Members of the University of Illinois at Urbana-Champaign's Cardao de Ouro Capoeira Academy demonstrate the art of capoeira.

Capoeira Demonstrates “Art and Resistance” for International Studies Colloquium

January 30, 2009

BLOOMINGTON, Ill. – Illinois Wesleyan University will host an international studies colloquium at 4 p.m. on Thursday, Feb. 12 in the Beckman Auditorium of The Ames Library (1 Ames Plaza East, Bloomington).  The colloquium, which contributes to the “Art and Resistance” theme adopted by Illinois Wesleyan University’s International Studies Program this year, will feature a discussion and display of the Afro-Brazilian art of capoeira.  Sponsored by the Development Studies Team, this event is free and open to the public.

Antonio Luciano A. Tosta, Ph.D., and Contra-Mestre Denis Chiaramonte will deliver a lecture titled “Capoeira in a Transnational Context: From Resistance Tool to National Symbol.”  Tosta is an assistant professor of Brazilian literature and culture at the University of Illinois at Urbana-Champaign (UIUC), and the Contra-Mestre is the director of Cordo de Ouro, the UIUC Capoeira Club.  Following their lecture, there will be a 15-minute Q-and-A session, after which the and Cordo de Ouro Illinois Wesleyan capoeira clubs will give a joint demonstration.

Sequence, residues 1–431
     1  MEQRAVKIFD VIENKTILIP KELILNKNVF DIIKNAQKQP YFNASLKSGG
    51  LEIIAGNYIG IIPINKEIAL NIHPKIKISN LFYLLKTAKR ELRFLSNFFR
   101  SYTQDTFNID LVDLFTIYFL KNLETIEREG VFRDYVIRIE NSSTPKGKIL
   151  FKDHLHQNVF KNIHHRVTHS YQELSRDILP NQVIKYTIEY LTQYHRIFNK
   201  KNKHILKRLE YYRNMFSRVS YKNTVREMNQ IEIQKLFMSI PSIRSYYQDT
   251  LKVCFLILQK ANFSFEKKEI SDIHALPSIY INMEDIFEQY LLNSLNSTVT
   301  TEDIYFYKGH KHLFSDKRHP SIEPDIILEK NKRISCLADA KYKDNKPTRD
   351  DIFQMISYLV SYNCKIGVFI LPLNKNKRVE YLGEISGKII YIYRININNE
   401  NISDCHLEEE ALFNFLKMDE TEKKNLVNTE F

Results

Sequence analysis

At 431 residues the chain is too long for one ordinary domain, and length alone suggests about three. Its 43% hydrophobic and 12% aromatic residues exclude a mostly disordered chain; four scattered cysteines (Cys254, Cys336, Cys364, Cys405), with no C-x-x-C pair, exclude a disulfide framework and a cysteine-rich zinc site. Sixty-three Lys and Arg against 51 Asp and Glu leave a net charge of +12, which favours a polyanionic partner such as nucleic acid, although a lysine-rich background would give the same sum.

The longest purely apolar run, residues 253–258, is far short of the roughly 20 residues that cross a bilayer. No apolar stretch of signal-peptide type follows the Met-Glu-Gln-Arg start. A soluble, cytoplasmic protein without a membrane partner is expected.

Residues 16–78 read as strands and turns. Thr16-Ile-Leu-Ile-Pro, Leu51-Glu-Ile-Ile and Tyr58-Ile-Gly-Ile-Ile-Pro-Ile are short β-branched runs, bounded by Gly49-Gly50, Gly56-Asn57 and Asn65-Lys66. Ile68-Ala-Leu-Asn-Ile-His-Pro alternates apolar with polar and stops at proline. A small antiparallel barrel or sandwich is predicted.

Capoeira originated as a combination of African dances, martial arts and other traditions performed by African slaves in Brazil in the late 16th and early 17th centuries.  For these slaves, capoeira was an artistic expression as well as a variation of martial arts, used to defend themselves when running away from their masters.  Throughout Brazil’s history, the art form has been challenged and treated as a crime.

Since the 1980s, capoeira has become a popular practice worldwide.  While this expansion has brought more awareness to the art, some scholars believe it has also threatened the traditional purpose of capoeira as a resistance symbol.  Tosta and the Contra-Mestre will consider this aspect of its history in their presentation.

For additional information on the colloquium, contact Associate Professor of Anthropology Rebecca Gearhart at  To learn more about Cordo de Ouro, visit the Web site at

Contact: Nicole Travis ’11, (309) 556-3181